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Old Posted Apr 16, 2006, 5:06 PM
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SSLL SSLL is offline
Join Date: Apr 2005
Location: Canary Wharf->CityPlace
Posts: 4,241
Hot wheels, high up
Apr. 16, 2006. 01:00 AM

Good morning, Toronto. It's sunny and minus 40 with the wind chill. Traffic is frozen on the Gardiner. There's a pile-up on the DVP. Streetcars on King West and Queen East are at a standstill.
Cyclists, however, are once again enjoying a smooth, unobstructed journey into the downtown core. Riders report that visibility is clear, with speeds approaching 50 kilometres an hour in the right-hand lane. For all you high-powered money managers who like to look sharp in the a.m., the shower stall at the Yonge on/off ramp has reopened. And, yes, the city has once again stocked up on that French lavender soap that has been such a hit on Bay Street.
What? You don't believe it?
All right, so the part about the French soap is a bit of over-reach.
But ask local architect Chris Hardwicke about the future of cycling in Toronto, and he will draw you a vision of elevated bike tunnels that could remake the very culture of the city.
He calls it Velo-city or, more properly, velo-city, and it's catching international notice, from Hardwicke's appearance on National Public Radio in the U.S. earlier this year, to numerous international publications, to his scheduled presentation at the Good Life For All exhibition in New York City this September.
The vision: a network of elevated bikeways, tube-like and roofed in glass, providing protection from the elements. Hardwicke has mapped the velo-city network, tucking the bikeways along existing public highway, power and railway corridors, creating not a dense inner-city network, but rather one that connects distant parts of the metropolis. Cyclists will access the bikeways, which will run about five metres above ground level, through ramps tucked under the tubes. The planned grade of the ramps will be gentle enough to accommodate wheelchair usage.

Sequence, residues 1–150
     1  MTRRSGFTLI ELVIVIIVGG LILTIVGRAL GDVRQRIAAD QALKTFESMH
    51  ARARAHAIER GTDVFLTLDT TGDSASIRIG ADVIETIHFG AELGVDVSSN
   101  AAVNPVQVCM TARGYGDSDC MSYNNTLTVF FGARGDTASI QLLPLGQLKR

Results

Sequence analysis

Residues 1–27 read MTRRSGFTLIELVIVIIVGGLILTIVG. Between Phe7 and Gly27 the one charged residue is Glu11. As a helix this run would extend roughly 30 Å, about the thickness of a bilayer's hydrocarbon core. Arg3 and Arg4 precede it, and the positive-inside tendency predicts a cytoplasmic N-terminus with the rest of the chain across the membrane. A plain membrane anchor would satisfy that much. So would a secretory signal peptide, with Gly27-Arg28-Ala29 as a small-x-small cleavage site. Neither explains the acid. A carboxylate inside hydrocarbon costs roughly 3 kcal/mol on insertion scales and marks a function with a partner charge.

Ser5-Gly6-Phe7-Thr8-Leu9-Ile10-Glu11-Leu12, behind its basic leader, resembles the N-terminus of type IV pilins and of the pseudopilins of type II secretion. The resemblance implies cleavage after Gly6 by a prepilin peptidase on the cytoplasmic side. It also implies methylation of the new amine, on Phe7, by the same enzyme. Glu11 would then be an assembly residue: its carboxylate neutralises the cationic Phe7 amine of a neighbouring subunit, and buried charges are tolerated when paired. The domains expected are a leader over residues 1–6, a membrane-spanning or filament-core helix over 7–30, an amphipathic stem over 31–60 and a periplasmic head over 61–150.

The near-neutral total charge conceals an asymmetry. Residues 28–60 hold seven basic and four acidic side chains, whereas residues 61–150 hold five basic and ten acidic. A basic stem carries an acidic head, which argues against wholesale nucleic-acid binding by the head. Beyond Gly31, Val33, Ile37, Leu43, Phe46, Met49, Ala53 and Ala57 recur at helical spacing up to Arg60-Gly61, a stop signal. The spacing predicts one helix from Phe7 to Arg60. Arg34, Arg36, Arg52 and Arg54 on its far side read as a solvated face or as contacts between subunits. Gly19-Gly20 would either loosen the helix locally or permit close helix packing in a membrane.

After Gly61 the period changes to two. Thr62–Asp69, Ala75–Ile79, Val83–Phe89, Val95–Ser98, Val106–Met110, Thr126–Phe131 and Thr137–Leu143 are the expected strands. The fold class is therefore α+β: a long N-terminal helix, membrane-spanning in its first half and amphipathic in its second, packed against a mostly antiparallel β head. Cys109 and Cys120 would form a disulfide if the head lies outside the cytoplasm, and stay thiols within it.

According to Hardwicke's calculations, reduction in air resistance will increase cycling efficiency by about 90 per cent, allowing for speeds, or velocity, of up to 50 km/h. Advantages: no noise pollution, no air pollution. Plus, cycling is good for you, and in this conception bike riders are protected from their car-driving brethren.
The scheme sounds futuristic, yet it is not entirely new. Joseph Adler, an irrepressibly charming engineer, was possessed of a similar vision a quarter century ago: elevated bikeways built not alongside highways, but above roadways crisscrossing Toronto's inner city. On top of the bikeways Adler conceptualized bike stations with restroom and restaurant facilities. The plan calls for interconnecting escalators to assist riders heading up into the bikeways, and ramps for the trip down to street level.
`Every time I see an adult on a bicycle, I no longer despair for the future
of the human race'
H.G. Wells, author and avid cyclist
By training Adler is a hydrotechnical engineer, but cycling is his passion. Just inside the door of his high-rise apartment sits his 25-year-old blue Peugeot, which he rides regularly. Behind the doorway sits his downhill skis. He is 75. In his position as president of Bicycle Expressway Systems, a one-man hobbyist operation, he is currently pitching his bicycle expressway to Dubai, figuring that any desert country with the moxie to build an indoor ski hill just might have the imagination to get behind his project.